(Reuters) – Some Cuban exiles responded with outrage. Others with ecstasy.
News on Wednesday that the United States will restore diplomatic relations with Cuba for the first time in more than a half century divided America’s 1.5-million-strong Cuban exile community and threatened to shake up the political landscape in the vital battleground state of Florida.
The reaction in Florida, which is home to about 80 percent of the nation’s Cuban-American population, reflects a generational shift in an exile community whose powerful political influence in the United States and steadfast support for the Republican Party helped keep U.S. sanctions on Cuba in place for decades.
But with President Barack Obama’s vow to push for “an honest and serious debate” about lifting the United States’ long-standing economic embargo against Cuba, many Cuban exiles welcomed the turn, seeing a chance for more engagement with the homeland they left behind.
“It’s amazing,” said Hugo Cancio, who came to Miami in the 1980 Mariel boatlift and runs a magazine with offices in Miami and Havana. “This is a new beginning, a dream come true for the 11.2 million Cubans in Cuba, and I think it will provoke a change of mentality here too in this community.”
“I’m ecstatic,” he added. “I’ve been working for this moment for 25 years”.
Such enthusiasm was not universal. In Miami’s Little Havana neighborhood, occupants of passing cars screamed “Obama traitor” in Spanish. Other people on a sidewalk shouted “Obama communista.”
“This is nothing to be happy about,” said Maria-Angeles Martinez, 50, who joined a crowd voicing displeasure at Versailles, a popular Cuban restaurant. “I don’t believe in talking about anything with the Castros. It’s freedom or nothing.”
Hardcore foes of former Cuban President Fidel Castro and his brother and current President Raul Castro have been a potent political force in Florida, one of the country’s most hard- fought states in presidential elections.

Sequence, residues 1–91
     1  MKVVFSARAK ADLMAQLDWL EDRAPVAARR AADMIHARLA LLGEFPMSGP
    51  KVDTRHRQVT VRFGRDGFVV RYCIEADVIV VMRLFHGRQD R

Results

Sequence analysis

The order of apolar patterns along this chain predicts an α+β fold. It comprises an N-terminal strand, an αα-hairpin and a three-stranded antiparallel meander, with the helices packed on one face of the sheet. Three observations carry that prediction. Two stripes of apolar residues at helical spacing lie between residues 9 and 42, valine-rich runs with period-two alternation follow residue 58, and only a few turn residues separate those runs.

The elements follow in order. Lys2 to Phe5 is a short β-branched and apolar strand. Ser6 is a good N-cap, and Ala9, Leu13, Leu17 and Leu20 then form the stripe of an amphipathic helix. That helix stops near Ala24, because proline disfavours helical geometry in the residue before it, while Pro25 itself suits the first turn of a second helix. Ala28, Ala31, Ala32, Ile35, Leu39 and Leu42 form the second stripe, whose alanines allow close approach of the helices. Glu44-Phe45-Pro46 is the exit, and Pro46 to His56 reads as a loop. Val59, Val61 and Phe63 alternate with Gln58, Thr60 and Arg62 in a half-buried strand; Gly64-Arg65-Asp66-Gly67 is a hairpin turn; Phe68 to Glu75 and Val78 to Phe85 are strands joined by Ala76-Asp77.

Older exiles who oppose any opening to Cuba still wield considerable influence. Jeb Bush, the former Florida governor who on Tuesday said he was actively exploring a presidential bid in 2016, was quick to criticize the White House’s move to restore diplomatic ties as “dramatic overreach.”
But the diehard anti-Castro generation is aging. And with many younger exiles having arrived since 1980 with no direct memories of life under Castro and many more Cuban-Americans born in the United States, there is a younger generation of Cuban-Americans that is more pragmatic and more influenced by the needs of relatives who remain in Cuba.
Obama’s announcement could complicate efforts by Bush, a Republican, to rally support for a presidential bid in a Cuban-American community whose divisions may be accentuated by a restoration in diplomatic ties. Many Republicans have struggled to win the presidency by taking Florida’s Electoral College votes, which at 29 ties it with New York as No. 3 among the U.S. states in electoral votes. Obama won Florida twice.
Bush, whose father, George H.W., and brother George W. were both U.S. presidents, is considered the Republican frontrunner in the 2016 race for the White House.
Obama’s announcement on Cuba was welcomed by younger Cuban-Americans who have increasingly pushed for change and vote Democrat in growing numbers, a contrast to older exiles who believe President John. F. Kennedy – a Democrat – betrayed them during the failed 1961 Bay of Pigs invasion.
“It’s no exaggeration to say that this is a historic day,” said Pedro Freyre, a Cuban-American attorney in Miami who was formerly a Republican and a one-time hardliner on Cuba but now calls himself a conservative Democrat. “I think it is the right thing to do at the right time.”
Some Cuban exiles embraced the prospect of trying something new with Cuba after so many years. At Sergio’s, a popular Cuban restaurant in Miami, Octavio De Armas, 62, speculated about the future of an island he left as a child, as he sipped a Cuban espresso sitting at a outdoor patio.
“If things like this cafe can start happening there, if people can have a better life, I’m all for change,” he said.
(Additional reporting by Letitia Stein in Tampa, Fla.; Editing by Jason Szep and Leslie Adler)
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